US economic confidence grew for the third month in a row in January, according to Gallup’s Economic Confidence Index. This growth is surprising some analysts, who cite other measures of the nations’ economic health as a bit more dismal. In particular, a large drop in the Dow Jones Industrial Average at the end of January—316 points in a single day—has been interpreted as a setback in the nation’s economic recovery. Job growth was equally disheartening, according to the Bureau of Labor Statistics, with the US economy adding 74,000 jobs in December. This represents the smallest growth since the beginning of 2011.
The Index is compiled from the average of two separate metrics: current consumer attitudes toward the economy and their economic outlook. The economic conditions component averaged -18 in January, indicated that 18% of consumer polled felt positive about the economy. The latter measure averaged -13 in the same month, with 41% of Americans saying the economy is getting better and 54% saying it is getting worse.[Related: December Existing Home Sales Strongest in Seven Years]
Confidence ran especially high among Americans with higher incomes. Those from households reporting at least $90,000 in income reported an average confidence of -1, the highest since July of 2013 and a six point increase from the previous month. While middle and lower income households are less confident, they still showed a significant increase from -22 to -18.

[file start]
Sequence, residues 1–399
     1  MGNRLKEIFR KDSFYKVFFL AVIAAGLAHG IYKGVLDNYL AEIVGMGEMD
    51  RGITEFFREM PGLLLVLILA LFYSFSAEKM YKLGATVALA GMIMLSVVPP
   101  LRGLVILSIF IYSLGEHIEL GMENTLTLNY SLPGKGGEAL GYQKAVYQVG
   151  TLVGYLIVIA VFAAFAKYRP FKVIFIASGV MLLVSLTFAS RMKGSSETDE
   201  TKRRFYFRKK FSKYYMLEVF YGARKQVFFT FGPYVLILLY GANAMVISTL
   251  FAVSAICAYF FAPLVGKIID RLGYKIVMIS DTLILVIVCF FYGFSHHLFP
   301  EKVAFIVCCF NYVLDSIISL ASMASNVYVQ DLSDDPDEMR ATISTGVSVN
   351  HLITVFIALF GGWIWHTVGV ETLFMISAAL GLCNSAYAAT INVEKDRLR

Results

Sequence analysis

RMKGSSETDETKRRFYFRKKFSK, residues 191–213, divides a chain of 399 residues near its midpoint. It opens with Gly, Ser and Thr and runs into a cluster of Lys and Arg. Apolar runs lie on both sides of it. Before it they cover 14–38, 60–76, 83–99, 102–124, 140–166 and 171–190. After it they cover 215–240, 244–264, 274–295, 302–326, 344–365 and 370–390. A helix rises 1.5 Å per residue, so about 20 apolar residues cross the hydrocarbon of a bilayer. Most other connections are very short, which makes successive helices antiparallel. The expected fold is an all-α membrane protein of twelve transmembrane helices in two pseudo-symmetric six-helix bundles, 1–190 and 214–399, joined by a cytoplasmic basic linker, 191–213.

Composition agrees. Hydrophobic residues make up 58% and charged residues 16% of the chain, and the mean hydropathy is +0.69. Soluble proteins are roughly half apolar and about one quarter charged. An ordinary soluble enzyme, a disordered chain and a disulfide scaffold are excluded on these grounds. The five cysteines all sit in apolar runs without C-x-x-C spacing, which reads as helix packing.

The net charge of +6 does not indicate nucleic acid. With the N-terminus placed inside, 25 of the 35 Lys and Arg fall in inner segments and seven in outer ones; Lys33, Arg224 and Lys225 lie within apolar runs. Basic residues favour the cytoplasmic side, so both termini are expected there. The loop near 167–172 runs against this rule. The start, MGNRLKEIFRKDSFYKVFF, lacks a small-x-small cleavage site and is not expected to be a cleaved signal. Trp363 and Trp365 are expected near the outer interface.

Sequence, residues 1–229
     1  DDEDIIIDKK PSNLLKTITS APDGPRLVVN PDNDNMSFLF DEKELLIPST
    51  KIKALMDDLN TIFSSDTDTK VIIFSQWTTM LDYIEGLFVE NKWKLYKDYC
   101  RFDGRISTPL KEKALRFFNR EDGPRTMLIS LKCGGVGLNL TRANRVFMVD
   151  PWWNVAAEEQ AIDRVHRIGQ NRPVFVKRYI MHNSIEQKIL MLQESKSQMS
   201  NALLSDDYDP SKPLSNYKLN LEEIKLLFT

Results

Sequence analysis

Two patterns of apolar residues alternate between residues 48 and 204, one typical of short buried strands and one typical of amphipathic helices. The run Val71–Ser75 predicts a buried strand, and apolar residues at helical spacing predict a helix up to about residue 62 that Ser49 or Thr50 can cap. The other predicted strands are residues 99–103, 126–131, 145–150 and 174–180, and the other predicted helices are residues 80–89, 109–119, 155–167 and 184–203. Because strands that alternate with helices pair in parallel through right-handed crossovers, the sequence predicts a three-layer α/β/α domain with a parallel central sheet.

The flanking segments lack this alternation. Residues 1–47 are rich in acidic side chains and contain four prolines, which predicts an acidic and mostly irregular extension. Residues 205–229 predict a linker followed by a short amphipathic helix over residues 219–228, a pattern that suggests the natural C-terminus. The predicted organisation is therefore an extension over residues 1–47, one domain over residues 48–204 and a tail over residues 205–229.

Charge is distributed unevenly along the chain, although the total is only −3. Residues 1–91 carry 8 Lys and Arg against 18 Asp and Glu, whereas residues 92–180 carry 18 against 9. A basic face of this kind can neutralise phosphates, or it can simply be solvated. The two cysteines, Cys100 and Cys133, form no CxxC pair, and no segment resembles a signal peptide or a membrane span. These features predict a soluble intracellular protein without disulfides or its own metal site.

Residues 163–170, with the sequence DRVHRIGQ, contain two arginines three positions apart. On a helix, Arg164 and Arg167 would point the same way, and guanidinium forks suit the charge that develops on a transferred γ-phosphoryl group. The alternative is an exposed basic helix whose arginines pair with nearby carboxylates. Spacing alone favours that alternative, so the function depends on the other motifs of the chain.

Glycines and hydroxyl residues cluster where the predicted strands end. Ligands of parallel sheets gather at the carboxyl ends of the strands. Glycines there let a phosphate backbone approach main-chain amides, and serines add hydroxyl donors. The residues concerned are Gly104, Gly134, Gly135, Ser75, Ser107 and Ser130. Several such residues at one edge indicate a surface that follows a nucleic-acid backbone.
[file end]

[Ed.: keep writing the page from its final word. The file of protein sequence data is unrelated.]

The survey was conducted via telephone interviews between January 1 and 13, 2014, based on a random sample of 15,240 adults ages 18 and over from all 50 states and the District of Columbia. Both landlines and cell numbers were chosen via random selection. The raw data was then weighted to allow for the national average demographics of gender, race, age, ethnicity, education, and region.
But what does it all mean? That’s a good question with no easy answer. The combined data suggests that consumer confidence is not strictly tied to economic performance. There are some additional positive numbers regarding growth of the GDP and consumer spending, which may indicate that the recovery is still underway. Most analysts are looking forward to February to set the tone for 2014. However, growing consumer confidence and a stronger showing from the real estate market in 2013 give solid indication that a recovery is still underway.
Other Related Economic and Housing News:
Builder Confidence in 55+ Market Hits Record High
Case-Shiller Home Price Index Up 13.6%
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